Movie Chronicles

SFAF Microcosmos

March 22, 2024 Brett Dillon Episode 117
🔒 SFAF Microcosmos
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Movie Chronicles
SFAF Microcosmos
Mar 22, 2024 Episode 117
Brett Dillon

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SFAF Microcosmos 

 Film:- Microcosmos (1996)

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Subscriber-only episode

SFAF Microcosmos 

 Film:- Microcosmos (1996)

Episode Archive: -

Patreon:- Movie Chronicles

Buy all the Movie Chronicles series of e-books …You know you want to.

Hello, I’m Brett Dillon, and this is the Movie Chronicles.

This episode continues the mini-series of “The Best Science Fiction Films Of All-Time”.

This time we take a dip into the Documentary section to find out about some real bug-eyed monsters.

Science Fiction documentaries are few and far between.

Fortunately, you’ll find I’m covering most of them in this series.

So, let’s go back to 1996, and take in…


Microcosmos: Le Peuple de l’Herbe (Microcosmos : Microcosmos : People Of The Grass)

Director & Script: Claude Nuridsany, Marie Pérennou

DOP: Thierry Machado                                  Editor: Florence Ricard, Marie-Josèphe Yoyotte

Music: Bruno Coulais

Actors: Jacques Perrin


   If you want real bug-eyed monsters, you have to go to the source. 

This is what this movie does. 

The documentary explores the world of insects through the use of microphotography. 

The story, such as it is, is the passing of seasons in a French field.


   We begin with a descent from the sky into the field to convey the idea we are the eye of God that sees all things great and small. 

A little voice over dialogue clues us in on what is happening and then bows out of the picture (for the most part. 

I will also note the French original version uses a male narrator and the English translation uses a female).


   “Microcosmos” is as misleading as most documentaries are. 

The narrative has us in a French field; the reality is that we are in a studio and the insects are performing on cue. 

It is the editing that makes this look like spontaneous, natural behaviours. 


   The microphotography is what wowed audiences at the time. 

I would like to give a shout out to the music score. 

It imitates natural sounds in a way that is suggestive rather than intrusive. 

It isn’t used to suggest or heighten drama (which some may feel is either plodding or is invisible to their ear). 

This music, I feel, is the real triumph of the film (within my bias that the visuals are all artificial constructs. 

The music is organic and, more importantly, an organic part of the film).


   The imagery goes through a cycle that follows an historical cycle of French art.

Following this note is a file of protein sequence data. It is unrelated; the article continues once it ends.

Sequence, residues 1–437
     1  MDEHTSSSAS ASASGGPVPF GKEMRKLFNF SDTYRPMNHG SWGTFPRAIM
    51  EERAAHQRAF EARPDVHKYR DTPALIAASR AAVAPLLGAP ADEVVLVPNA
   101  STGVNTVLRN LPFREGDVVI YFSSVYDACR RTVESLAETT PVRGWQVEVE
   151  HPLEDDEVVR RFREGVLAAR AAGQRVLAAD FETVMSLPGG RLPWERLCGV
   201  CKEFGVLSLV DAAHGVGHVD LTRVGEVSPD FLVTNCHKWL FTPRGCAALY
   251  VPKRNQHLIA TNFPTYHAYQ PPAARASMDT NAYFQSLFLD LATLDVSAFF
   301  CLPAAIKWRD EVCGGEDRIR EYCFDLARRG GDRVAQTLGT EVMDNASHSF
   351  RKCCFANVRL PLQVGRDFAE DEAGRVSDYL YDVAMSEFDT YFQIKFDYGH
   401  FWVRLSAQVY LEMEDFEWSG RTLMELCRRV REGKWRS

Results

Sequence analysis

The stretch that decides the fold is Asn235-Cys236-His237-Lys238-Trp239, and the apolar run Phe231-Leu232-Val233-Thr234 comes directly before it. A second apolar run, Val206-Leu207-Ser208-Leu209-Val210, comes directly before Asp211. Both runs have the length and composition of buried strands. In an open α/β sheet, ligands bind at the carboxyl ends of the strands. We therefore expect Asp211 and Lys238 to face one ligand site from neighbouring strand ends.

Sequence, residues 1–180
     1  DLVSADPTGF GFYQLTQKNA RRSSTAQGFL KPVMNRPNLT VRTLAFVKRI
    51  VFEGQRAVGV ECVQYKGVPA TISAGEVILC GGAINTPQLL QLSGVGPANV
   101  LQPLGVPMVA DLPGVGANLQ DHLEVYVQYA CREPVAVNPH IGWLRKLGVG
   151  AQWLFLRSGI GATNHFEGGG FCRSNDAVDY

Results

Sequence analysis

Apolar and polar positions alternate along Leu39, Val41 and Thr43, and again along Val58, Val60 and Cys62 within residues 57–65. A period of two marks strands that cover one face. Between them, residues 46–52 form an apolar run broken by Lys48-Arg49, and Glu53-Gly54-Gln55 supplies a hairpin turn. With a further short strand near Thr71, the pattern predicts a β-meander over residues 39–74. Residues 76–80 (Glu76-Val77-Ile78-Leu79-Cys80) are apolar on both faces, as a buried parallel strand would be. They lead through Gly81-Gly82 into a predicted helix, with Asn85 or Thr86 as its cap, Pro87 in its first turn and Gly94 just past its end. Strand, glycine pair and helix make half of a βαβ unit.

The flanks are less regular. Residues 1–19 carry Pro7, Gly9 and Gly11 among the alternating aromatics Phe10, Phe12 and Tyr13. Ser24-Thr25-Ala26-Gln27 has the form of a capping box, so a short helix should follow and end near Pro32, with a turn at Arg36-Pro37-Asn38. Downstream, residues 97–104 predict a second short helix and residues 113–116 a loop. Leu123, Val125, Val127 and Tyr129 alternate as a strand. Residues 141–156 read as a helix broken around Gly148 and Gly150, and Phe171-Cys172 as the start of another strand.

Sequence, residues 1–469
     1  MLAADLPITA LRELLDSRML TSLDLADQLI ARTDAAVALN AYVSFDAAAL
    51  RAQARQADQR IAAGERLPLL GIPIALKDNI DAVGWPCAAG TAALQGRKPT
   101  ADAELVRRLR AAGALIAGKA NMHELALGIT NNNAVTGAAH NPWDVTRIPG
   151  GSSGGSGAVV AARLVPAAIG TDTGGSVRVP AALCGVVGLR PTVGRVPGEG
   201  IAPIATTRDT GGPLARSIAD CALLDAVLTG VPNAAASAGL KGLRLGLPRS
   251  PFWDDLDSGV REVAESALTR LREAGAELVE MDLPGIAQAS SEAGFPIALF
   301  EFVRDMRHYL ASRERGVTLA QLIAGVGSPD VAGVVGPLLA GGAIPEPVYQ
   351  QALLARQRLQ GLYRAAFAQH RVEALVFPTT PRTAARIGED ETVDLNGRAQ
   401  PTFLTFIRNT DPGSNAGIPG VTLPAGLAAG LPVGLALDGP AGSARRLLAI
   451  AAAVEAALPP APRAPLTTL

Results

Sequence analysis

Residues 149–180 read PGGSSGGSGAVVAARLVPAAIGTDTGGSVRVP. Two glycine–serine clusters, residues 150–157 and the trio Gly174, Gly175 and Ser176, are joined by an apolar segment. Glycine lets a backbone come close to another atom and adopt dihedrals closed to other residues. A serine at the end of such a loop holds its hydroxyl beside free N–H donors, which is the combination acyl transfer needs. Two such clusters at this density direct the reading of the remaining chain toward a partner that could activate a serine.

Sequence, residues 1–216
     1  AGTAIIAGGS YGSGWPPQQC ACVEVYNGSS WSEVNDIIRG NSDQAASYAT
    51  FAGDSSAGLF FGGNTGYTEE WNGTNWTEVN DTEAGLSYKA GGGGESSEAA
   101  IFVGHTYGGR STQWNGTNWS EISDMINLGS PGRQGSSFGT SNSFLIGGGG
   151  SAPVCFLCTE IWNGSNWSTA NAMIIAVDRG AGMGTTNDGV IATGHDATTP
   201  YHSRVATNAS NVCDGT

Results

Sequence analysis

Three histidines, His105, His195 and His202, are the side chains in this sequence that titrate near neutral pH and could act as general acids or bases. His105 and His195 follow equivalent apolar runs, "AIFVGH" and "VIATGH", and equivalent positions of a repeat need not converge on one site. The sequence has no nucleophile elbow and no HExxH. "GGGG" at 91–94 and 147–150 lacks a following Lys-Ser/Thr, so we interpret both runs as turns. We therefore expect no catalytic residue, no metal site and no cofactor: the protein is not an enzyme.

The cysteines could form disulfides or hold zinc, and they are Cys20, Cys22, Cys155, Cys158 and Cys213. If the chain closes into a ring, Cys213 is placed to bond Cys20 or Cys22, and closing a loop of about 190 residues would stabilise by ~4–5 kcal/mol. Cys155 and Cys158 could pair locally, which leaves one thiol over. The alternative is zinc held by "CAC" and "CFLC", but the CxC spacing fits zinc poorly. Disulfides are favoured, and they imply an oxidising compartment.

We start off in impressionism, move to pointillist and proceed to the surrealist. 

This also suggests our develop of knowledge of the microworld, as better technology allowed us to explore it more fully. 

In this theme colour plays an important role (while I can’t say for sure, I’m almost positive the images were colour graded to fit with this theme).



Bruno Coulais


Was born on January 13, 1954, in Paris, France.


Bruno was taught violin and piano by Bren Santos with the aim of becoming a composer of Classical music. 

His friendships within the entertainment industry saw him gravitate towards film score production.


Up until 1996, Bruno was primarily known for his work in TV. “Microcosmos”, with little dialogue, depended on the music for its emotional power. 

Film producers began to beat a path to his door, and paved it with golden promises.


In 2001, he announced his semi-retirement, as he wanted to create an opera for children. Ultimately, this seems to have resulted in the soundtrack for “Les Choristes” (2004). 

2009 was another special year in Bruno’s development. 

He worked on two animated films – the award winning “Coraline” and the lesser known but equally brilliant, “The Secret Of Kells”.



Jacques Perrin


Was born on July 13, 1941, in Paris, France, and he died in 2022.


Jacques was a producer on the movie “Microcosmos” (1996). 

He was the son of Alexandre Simonet, manager of the Comédie Française. 

Jacques left school at the age of 15 and, in 1959, enrolled at the Conservatoire Supérior d’Art Dramatique (located in Paris, France).


While Jacques’ first film performance was in 1946, it might be better said he was discovered by Italian Director, Valerio Zurlini, while studying at the Conservatoire. 

Valerio cast him in his speaking role, 1960’s “La Ragazza Con La Valigia”, and became a favourite of the Director. 

In the sixties, he was also favoured by top drawer Directors like Henri-Georges Clouzot, Jacques Demy, and Pierre Schoendoerffer.

In the seventies, Jacques switched to making political movies. 

In the eighties, he was sliding into documentaries, and the Producers role. 

His last important role was in 2004’s “Les Choristes”.




Next episode we explore the adventures of the blind swordsman, Zatoichi in 1965.

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Until next time… Don’t bug me!